Having recently read ‘The Surfer’s Shoulder’. We thought it would be a good idea to ‘bite-size’ the information for you, hopefully giving you some key take away points that might help you prevent or resolve your shoulder pain.

‘Surfer’s Shoulder’ is one of the most common surfing conditions we see in clinic. It is thought that 40-60% of time spent in the water when on a surfboard is paddling. This repetitive motion of the shoulder during paddling is more often than not the cause of ‘Surfers Shoulder’.

Paddling consists of two phases: the ‘propulsion’ and ‘recovery’ phase. During the propulsion phase the hand and arm enter the water and pull against the water until its perpendicular under the body. The arm then continues and pushes against the water from directly underneath the body in a backwards motion until the arm starts to withdraw and lift out of the water. At this point it enters the recovery phase. This motion repeats itself several hundred times within a surf session.

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It is thought that 40-60% of time spent in the water when on a surfboard is paddling

During each phase of the paddle, different muscles work to produce the movement.

During the propulsion phase it is internal rotation and flexion (moving to extension) of the shoulder that is the dominant movement, driving the surfer forward. Pectoral major, lattisimus dorsi, triceps and subscapularis are the main muscles that are activating through this range.

During the recovery phase it is the deltoid and trapezius working to retract the arm out of the water. Here, is the only time the external rotators of the shoulder activate, when the arm is out the water to help stabilise the shoulder joint.

It is therefore thought that the tight and strong internal rotators (pec major/subscap) of the shoulder are the dominant muscles working and that there is a lack of strength of the external rotators (supra/infraspinatus and teres minor). This causes an imbalance of the muscles working around the shoulder, potentially causing an upward migration of your arm bone into your shoulder joint that can result in pain.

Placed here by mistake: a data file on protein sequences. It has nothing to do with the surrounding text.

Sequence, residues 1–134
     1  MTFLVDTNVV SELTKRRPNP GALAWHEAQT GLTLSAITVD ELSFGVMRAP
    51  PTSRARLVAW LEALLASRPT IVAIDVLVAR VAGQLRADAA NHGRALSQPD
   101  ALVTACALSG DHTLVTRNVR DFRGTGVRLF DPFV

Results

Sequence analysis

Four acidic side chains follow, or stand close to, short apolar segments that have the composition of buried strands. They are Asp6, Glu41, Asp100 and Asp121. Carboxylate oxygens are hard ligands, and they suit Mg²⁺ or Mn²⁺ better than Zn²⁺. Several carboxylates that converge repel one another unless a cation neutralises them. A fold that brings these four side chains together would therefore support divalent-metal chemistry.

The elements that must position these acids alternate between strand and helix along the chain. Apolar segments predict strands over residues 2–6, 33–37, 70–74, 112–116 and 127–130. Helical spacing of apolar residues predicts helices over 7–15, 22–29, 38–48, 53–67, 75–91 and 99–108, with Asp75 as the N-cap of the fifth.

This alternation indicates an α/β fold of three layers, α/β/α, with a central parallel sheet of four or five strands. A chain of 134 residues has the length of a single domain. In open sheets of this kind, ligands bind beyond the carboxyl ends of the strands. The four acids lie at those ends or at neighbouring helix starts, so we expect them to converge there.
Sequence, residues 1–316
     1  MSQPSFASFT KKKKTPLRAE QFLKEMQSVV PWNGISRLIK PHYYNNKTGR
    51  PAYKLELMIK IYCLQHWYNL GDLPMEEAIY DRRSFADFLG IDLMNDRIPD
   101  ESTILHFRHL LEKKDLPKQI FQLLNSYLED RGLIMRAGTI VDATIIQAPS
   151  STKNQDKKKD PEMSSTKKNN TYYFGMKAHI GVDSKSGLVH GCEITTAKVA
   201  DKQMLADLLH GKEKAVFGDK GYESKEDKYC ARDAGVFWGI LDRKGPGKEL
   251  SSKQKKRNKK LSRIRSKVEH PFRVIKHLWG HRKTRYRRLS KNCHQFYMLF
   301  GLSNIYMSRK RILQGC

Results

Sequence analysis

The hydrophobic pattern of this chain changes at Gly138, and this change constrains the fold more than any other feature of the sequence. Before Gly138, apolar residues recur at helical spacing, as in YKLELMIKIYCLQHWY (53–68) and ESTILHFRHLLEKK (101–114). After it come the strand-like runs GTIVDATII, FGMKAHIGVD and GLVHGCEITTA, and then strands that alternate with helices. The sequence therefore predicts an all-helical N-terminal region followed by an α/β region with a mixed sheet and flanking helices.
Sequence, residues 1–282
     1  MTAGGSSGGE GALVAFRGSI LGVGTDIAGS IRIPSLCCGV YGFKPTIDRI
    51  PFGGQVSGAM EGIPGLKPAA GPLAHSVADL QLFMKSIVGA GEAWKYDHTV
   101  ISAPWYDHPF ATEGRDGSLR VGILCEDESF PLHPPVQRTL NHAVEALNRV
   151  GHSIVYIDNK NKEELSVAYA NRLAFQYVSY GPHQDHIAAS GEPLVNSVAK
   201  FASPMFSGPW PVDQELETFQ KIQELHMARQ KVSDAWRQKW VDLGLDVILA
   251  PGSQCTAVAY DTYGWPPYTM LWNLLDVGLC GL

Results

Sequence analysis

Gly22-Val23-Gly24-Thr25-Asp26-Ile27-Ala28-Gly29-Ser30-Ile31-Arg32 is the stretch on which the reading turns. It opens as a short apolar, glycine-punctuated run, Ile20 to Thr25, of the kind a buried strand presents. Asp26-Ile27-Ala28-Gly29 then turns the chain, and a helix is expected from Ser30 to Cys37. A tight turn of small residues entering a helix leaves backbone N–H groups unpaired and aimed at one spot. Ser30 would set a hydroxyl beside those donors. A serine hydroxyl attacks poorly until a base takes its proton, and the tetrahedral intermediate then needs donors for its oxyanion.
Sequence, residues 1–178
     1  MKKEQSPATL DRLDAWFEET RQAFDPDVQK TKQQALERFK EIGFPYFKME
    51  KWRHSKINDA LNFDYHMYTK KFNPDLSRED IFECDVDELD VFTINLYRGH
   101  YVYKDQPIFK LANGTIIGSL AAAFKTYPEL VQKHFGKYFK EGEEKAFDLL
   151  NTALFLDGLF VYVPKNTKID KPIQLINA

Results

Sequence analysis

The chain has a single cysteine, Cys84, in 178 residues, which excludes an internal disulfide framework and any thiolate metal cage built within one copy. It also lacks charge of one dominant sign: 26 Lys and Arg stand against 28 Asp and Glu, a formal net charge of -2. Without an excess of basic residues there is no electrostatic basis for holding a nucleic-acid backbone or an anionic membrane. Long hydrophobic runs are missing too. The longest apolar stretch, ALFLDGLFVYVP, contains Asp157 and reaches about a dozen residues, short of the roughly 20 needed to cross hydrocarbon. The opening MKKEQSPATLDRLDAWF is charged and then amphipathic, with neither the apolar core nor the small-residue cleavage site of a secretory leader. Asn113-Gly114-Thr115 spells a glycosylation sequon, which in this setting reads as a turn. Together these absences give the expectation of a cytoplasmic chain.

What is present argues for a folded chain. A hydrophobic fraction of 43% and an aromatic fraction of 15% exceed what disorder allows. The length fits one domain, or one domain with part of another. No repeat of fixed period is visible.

surfer with shoulder injury image of
The repetitive motion of the shoulder during paddling is more often than not the cause of ‘Surfers Shoulder’.

This however isn’t the only reason for ‘Surfers Shoulder’. A lack of thoracic extension can also be a culprit to causing shoulder pain. Throughout our paddling, thoracic extension should be maintained to allow correct positioning of the scapular which creates optimal overhead range of movement of the shoulder. With a slouched posture and stiff upper back, trying to repetitively paddle will inevitably cause pain.

It’s not all doom and gloom however. With the right exercises and a bit of time taken each day to perform them, you should be able to balance out your shoulder strength and flexibility as well as improve the mobility of your upper back.

Shoulder strength, prone W L T Y image of
Scapular retraction training combined with external rotator strengthening
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External rotation strength of the shoulder using dumbells

These exercises help with the endurance of thoracic extension and the strength of the rotator cuff muscles.

We recommend starting with W and progressing through L, T and Y as able. You can hold these postures for 30’s to begin with, building to 90’s and repeat each one 3 times.

External rotation with dumbells: chose a weight thats not too light or too heavy. Normally we say the right weight for you is when you are able to achieve 8-10 reps with the last few reps being a bit of a struggle without losing form (very important!). Repeat this for 10 reps and repeat for 3 sets.

Both these exercises should be done daily.

Happy Surfing!


1. The Surfer’s Shoulder: A Systematic Review of Current Literature and Potential Pathophysiological Explanations of Chronic Shoulder Complaints in Wave Surfers’ by Langenberg et al (2021) - Surfing Medicine International.